I want to dedicate this to all the demonstrators (many of whom were college students) in 2003 that were jailed just for protesting the Iraqi War on the streets of Chicago, and to those who marched with Dr. Martin Luther King Jr. on Frankfort, KY in 1965.


* You can see the original cartoon here: http://www.cbsnews.com/stories/2009/02/18/national/main4809291.shtml

** You can see an altered version of the cartoon (not by Delonas) here: http://www.huffingtonpost.com/lee-camp/how-the-new-york-post-mon_b_168199.html


I didn’t want to say anything because I didn’t want to rain on anyone’s parade, but if I see one more image of Dr. Martin Luther King Jr. in the misty, air-brushed, reminiscent background of a Photoshopped Barack Obama image as the “Dream” depiction I will scream.

[Oh there’s one.]


What the hell people? At what point in the “I Have a Dream” speech did Dr. Martin Luther King Jr. say anything about his dream or the dream being to have a Black president? Was it implied? Maybe, but the dream is specifically about achieving equality and if you think that President Obama automatically garnered equality for people of color in America you are turning a blind eye and deceiving yourself. WAKE UP!!! and notice I said people of color, Dr. King speaks of equality for all, does that mean if we had a Latino or Asian president that these images would still surface, I don’t know but I hope that’s not seen as unrelated.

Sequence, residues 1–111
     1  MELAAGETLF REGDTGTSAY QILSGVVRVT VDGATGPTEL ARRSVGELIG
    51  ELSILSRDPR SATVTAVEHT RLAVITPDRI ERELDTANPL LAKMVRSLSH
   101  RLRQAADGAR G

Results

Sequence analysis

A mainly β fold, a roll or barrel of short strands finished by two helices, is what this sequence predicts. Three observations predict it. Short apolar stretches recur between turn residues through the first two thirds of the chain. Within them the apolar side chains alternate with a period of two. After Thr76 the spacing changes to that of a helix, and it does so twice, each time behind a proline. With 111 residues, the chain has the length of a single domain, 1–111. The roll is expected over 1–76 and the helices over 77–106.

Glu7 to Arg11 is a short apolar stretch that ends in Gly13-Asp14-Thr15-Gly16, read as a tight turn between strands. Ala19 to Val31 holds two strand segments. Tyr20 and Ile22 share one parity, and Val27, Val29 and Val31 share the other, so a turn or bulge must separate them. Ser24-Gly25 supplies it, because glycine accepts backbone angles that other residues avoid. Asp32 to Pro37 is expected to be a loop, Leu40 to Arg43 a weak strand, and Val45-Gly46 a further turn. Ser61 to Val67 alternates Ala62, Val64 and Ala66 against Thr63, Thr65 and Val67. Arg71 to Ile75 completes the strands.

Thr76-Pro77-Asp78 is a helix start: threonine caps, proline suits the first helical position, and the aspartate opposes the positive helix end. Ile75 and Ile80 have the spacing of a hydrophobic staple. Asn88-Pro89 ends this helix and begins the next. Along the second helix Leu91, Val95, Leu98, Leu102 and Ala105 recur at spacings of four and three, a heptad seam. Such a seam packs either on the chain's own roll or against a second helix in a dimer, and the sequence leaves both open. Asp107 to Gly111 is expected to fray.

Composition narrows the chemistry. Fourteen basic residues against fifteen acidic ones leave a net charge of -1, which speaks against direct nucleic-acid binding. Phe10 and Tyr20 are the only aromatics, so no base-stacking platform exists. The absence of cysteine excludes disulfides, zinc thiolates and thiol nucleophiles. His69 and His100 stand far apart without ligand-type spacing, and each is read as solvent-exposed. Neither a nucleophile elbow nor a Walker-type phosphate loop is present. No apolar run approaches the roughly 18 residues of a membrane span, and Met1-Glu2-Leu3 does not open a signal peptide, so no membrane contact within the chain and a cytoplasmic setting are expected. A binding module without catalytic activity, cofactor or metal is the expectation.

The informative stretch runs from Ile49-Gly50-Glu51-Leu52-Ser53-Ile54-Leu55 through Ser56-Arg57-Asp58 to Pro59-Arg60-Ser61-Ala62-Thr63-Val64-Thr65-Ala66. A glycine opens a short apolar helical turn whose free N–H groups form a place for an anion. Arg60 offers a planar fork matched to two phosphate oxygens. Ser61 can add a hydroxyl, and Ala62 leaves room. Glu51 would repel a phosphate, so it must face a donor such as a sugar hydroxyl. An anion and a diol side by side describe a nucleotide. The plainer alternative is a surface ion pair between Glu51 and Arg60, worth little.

I didn’t want to say anything because I think of people like my mother, father, my aunts and uncles. Who marched and protested with King. Those people who cry out of happiness for Obama’s win (I’m happy but I never cried!). Because they never dreamed they would see an African American President in their lifetime.

I love what Dr. King did, and I love what Barack did and is doing*, but these images are really agitating me. They marginalize both men and more importantly, they marginalize The Struggle. Just the notion that we are done or have even reached the Promised Land is utterly false. When I see this depiction I feel cheated, I feel like we are resting and being lazy America.